Right now I’m working on another project which will probably require me to migrate to the Adobe Suite environment temporarily. That would be Adobe Animate software. Again, it is a bit more specialized and, in my experience, not as accessible.
Still comes in handy.
DF: Powerpoint files are interchangeable with this other software?
CC: In most cases, yes. It has a ton of export options, and there’s file conversion, too! Which is super convenient when working across systems.
I can transform it into pdf, then vector format, or turn PowerPoint elements directly into image files, or video! It’s something you don’t really get with other platforms.
DF: This is all thanks to Powerpoint?
CC: Yup! Some third-party software can be used if needed, of course. I think what’s most important is to have final product that works. Sometimes programs don’t behave well… lol. So that requires finding alternatives.
DF: What file formats are we talking here?
CC: Image-wise: .png, .jpeg, .tiff, .bmp, too! Video exports allow for MP4 and MOV or WMV I believe, depending on your version and operating system.
There’s PowerPoint’s native .ppt and .pptx, also .pdf as mentioned earlier. I believe there’s even a way to render elements as text, though I am not sure how that works or what it produces as an output as I’ve never had the need to use it.
With .pdf, .svg is also a possibility! I can then take it to some other program such as InkScape or Illustrator and verify/tweak it there if needed.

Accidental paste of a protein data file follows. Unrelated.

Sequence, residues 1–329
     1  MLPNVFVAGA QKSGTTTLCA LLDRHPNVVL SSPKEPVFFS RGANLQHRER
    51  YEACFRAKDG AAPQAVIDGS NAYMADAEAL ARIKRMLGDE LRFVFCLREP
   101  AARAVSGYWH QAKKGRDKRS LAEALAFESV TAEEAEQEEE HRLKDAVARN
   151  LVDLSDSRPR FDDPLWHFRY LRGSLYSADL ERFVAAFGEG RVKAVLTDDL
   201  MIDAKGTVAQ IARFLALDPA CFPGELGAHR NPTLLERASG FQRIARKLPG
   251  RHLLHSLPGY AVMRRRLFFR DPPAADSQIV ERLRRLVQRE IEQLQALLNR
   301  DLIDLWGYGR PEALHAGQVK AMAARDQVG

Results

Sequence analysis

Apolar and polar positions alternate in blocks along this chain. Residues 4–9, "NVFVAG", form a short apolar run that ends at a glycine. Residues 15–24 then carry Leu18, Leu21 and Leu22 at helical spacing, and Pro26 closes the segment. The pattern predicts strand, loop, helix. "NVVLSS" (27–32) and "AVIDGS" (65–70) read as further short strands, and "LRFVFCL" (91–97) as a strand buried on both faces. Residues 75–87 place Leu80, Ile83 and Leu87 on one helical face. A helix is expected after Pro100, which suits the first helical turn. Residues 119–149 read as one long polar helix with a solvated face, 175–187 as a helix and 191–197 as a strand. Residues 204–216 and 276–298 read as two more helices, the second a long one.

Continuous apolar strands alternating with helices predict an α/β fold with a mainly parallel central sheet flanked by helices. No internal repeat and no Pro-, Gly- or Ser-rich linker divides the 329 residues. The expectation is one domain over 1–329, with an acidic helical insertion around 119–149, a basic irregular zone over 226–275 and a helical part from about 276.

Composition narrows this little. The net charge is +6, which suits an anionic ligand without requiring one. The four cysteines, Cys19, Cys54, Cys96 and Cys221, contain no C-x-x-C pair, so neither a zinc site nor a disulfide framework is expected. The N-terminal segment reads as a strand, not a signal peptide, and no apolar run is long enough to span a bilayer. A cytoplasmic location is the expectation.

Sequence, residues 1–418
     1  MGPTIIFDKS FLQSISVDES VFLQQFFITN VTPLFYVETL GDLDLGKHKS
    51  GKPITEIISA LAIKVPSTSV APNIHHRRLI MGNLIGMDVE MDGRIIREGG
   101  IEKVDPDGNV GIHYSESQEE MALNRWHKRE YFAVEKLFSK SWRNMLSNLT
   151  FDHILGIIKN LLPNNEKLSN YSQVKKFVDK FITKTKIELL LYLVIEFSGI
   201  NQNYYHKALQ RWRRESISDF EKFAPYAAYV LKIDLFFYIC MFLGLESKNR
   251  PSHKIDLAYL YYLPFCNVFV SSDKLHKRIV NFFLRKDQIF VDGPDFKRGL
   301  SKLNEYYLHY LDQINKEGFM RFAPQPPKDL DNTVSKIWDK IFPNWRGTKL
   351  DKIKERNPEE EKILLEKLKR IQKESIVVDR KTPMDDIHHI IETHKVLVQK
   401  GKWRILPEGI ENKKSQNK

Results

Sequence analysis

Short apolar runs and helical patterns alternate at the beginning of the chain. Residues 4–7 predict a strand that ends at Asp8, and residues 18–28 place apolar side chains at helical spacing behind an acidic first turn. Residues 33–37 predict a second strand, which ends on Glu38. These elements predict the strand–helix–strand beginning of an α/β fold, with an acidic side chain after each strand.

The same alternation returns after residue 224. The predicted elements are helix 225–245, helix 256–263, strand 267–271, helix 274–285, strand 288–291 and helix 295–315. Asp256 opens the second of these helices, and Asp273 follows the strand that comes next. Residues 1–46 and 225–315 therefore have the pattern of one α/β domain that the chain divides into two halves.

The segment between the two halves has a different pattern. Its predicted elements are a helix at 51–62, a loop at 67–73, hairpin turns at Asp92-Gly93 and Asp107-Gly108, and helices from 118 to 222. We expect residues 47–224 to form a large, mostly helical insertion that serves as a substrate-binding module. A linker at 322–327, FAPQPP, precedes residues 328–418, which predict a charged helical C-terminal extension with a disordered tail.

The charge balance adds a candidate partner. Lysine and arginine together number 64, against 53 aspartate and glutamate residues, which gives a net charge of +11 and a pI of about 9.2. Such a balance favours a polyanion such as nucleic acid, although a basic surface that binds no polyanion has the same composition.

DF: Good to hear all of these formats are basically interconnected in some way. Makes it all easier.
CC: Boy, it does!! Haha
DF: Anything else we want to mention to the people out there? Or should we wait until the next lesson?
CC: I think we covered most of it for now! It feels like a little bit of a crash course on PowerPoint itself probably, haha, but we just talked about the basics here. It is just to give you an idea of what this software is about.
Of course, it’s not perfect, nor are any of the other applications out there, but I consider it to be a great tool. Going into detail over how every animation is done individually would take a huge amount of time!
Probably wouldn’t even fit in one article! Haha. Again, my advice to those who are interested in getting started is to just start playing around and try finding creative ways to translate your ideas and inspiration from other sources, and from the real world, into animated sequences.
Just give it a try! There’s also a bunch of tutorials online and checking them out certainly wouldn’t hurt!
DF: Sounds good man, let’s see where the next tutorial takes us!
CC: Can’t wait!!!
Lastly here, this is a picture of Carlos’ written notes that goes along with what he does with the software. As he says, he likes to write things down with a paper and pen as well, because it helps his creative process.
You at home might want to try this too!